#FarmingMatters – column by Rachel Saunders of the Farmers’ Union of Wales (FUW) Years of ‘food security’ have led …

Monday, 12 February 2018

By Contributed Item
in Local People

Every day, millions of us flock to our local supermarkets for the weekly or top-up food shop, or drop into our local corner or village shop for that bottle of milk or loaf of bread we forgot to buy – and many of us will spare little thought of how all the food got there?

We expect it to be there, in season or not, and we want to pay a ‘fair’ price for it.

Through our expectations of a secure food supply, we are relying on our farmers here in Wales, the UK and even farmers across the world, to provide just that.

Food security has become the norm in the Western World but the challenges farmers face are rarely at the front of people’s minds.

Thinking about the disruption caused by the Second World War to European food production and distribution, the widespread starvation, and severe, often permanent, illness due to vitamin and mineral deficiencies, it seems clear that it is time to recognise that Welsh and UK agriculture have a crucial part to play in the future to avoid such problems and that #FarmingMatters.

The recognition of the need for viable agricultural sectors and stable supplies of affordable food led the UK Government to pass the 1947 Agriculture Act, while on the Continent, the 1957 Treaty of Rome defined objectives of a common European policy.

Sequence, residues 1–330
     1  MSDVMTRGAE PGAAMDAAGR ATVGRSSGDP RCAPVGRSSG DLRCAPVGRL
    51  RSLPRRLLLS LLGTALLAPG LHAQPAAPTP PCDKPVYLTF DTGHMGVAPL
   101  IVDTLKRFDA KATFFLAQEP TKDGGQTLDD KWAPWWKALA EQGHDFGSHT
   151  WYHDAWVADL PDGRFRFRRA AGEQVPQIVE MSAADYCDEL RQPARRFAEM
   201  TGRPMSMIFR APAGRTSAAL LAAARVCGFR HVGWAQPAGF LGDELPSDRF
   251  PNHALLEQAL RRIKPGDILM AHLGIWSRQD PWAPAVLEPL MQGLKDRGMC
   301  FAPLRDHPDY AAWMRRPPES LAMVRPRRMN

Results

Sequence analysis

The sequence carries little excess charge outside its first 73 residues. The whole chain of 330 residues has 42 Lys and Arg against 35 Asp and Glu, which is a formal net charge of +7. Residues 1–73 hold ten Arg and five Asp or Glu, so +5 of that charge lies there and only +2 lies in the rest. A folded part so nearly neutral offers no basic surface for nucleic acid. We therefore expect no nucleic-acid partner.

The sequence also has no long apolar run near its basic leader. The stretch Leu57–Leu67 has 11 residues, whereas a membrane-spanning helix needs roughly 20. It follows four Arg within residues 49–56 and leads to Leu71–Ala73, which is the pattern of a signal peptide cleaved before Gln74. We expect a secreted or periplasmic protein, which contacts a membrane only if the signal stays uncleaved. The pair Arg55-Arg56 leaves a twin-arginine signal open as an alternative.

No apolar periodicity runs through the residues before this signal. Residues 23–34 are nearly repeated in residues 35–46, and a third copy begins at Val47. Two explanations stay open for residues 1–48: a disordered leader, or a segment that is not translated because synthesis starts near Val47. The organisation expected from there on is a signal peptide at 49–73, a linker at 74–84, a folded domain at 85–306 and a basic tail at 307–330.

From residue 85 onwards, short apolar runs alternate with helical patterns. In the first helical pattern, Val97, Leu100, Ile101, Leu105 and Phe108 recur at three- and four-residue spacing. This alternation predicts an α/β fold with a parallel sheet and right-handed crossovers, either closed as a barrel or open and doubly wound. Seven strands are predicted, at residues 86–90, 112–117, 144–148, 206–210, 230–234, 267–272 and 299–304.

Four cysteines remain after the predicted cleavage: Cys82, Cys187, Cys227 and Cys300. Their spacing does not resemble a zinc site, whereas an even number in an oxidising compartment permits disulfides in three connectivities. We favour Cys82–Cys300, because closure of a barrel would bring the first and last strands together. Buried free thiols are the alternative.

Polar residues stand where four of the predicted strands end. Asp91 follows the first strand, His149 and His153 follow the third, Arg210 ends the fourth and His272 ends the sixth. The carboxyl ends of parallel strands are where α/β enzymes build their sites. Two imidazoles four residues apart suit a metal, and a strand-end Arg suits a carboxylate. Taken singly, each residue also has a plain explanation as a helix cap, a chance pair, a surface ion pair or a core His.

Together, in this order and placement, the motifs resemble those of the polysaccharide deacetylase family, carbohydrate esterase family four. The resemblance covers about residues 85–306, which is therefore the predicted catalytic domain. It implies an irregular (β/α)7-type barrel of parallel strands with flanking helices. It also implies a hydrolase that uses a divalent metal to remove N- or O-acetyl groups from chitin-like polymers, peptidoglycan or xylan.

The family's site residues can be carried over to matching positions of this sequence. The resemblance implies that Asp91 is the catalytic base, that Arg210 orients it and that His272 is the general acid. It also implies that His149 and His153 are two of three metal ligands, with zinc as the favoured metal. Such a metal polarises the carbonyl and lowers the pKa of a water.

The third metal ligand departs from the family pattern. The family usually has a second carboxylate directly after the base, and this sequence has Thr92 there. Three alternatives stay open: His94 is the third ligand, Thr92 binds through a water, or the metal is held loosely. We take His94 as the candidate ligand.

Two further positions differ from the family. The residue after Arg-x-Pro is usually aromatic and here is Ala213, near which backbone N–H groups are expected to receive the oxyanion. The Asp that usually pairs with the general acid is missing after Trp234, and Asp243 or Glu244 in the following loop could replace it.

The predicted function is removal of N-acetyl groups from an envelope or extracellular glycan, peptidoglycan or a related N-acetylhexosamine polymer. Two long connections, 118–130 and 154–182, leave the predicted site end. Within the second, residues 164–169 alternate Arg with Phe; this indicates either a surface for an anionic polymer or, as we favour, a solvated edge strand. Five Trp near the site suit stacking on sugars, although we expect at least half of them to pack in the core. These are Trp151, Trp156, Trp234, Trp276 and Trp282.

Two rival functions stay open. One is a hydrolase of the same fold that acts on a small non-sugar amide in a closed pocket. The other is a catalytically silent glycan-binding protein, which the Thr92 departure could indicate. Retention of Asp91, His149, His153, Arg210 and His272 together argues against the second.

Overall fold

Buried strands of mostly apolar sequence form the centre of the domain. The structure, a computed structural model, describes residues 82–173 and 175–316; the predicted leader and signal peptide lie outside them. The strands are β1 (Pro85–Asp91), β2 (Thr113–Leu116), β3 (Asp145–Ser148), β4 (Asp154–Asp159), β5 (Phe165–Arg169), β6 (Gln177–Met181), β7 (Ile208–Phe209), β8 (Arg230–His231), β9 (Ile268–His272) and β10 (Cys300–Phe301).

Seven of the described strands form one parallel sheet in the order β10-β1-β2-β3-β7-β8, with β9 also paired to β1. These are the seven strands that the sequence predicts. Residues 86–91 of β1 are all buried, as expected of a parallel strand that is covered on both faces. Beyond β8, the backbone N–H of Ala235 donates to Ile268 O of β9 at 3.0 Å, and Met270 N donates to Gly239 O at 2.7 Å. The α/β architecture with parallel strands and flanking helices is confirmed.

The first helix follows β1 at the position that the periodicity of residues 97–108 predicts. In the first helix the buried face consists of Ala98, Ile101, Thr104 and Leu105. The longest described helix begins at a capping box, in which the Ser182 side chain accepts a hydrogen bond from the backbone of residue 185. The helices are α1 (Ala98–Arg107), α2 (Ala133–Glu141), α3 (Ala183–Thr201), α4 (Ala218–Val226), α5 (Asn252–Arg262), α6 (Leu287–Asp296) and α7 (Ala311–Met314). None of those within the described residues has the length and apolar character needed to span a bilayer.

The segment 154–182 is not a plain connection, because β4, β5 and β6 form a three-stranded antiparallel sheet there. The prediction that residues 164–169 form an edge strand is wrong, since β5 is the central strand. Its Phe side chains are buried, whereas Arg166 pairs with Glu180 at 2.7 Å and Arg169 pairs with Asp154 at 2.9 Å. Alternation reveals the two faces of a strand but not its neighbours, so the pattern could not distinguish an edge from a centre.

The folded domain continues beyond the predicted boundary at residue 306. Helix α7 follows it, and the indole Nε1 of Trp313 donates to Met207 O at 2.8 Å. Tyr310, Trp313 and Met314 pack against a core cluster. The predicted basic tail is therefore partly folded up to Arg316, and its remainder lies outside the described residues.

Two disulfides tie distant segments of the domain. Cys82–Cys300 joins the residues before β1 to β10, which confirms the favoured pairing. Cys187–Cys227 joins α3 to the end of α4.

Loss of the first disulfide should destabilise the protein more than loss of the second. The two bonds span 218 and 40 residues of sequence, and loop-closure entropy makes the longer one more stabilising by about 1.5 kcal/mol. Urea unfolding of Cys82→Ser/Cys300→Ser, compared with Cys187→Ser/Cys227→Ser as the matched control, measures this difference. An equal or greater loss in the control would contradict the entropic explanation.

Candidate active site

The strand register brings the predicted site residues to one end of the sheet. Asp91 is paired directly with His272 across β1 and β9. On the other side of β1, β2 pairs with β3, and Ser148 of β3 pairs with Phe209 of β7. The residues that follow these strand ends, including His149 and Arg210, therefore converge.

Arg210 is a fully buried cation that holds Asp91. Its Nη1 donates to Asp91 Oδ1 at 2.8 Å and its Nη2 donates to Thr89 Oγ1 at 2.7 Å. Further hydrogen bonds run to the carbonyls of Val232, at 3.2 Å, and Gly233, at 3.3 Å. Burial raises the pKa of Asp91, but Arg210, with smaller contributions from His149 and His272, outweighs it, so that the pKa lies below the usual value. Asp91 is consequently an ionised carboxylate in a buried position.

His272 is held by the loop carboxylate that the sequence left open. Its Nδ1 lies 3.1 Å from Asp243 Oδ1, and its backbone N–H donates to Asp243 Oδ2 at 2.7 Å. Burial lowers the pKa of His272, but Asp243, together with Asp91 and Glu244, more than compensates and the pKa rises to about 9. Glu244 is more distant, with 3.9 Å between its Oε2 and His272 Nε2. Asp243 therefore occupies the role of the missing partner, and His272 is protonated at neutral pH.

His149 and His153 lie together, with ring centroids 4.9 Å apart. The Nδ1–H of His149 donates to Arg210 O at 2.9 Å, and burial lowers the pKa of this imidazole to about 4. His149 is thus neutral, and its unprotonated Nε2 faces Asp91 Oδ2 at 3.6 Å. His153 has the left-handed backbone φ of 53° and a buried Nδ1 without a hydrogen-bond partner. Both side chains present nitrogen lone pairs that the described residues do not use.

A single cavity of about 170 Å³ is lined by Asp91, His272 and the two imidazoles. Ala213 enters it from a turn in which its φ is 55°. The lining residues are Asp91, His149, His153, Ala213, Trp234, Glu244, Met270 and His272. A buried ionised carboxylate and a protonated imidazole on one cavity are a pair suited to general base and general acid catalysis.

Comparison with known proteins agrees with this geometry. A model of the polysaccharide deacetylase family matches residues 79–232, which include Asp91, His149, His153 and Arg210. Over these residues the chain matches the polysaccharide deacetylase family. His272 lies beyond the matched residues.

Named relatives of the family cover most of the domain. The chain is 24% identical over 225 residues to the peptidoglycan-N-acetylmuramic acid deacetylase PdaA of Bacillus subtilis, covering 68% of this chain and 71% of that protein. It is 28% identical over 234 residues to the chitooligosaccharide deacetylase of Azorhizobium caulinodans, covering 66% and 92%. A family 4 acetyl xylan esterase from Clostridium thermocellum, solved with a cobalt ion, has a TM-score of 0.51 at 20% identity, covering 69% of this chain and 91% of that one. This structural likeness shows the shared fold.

However, the food security established by the 1947 Agriculture Act and the Common Agricultural Policy has led to significant complacency regarding the importance of agriculture in Wales and the UK, which has in turn led to increasing reliance on imported foodstuff.

The importance of nurturing and supporting Welsh producers, and thereby protecting and improving domestic food security, must be a priority for any government, especially in light of Brexit.

The FUW has long highlighted the importance of food security and how a food security strategy plan would give farmers confidence to develop their businesses, which in turn would support the development of rural areas.

So the next time you pop into your local food shop, spare a thought for the hard working farmers who make sure that food is not a luxury and remember that #FarmingMatters!

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Article source: http://www.bridgend-today.co.uk/article.cfm?id=118191&headline=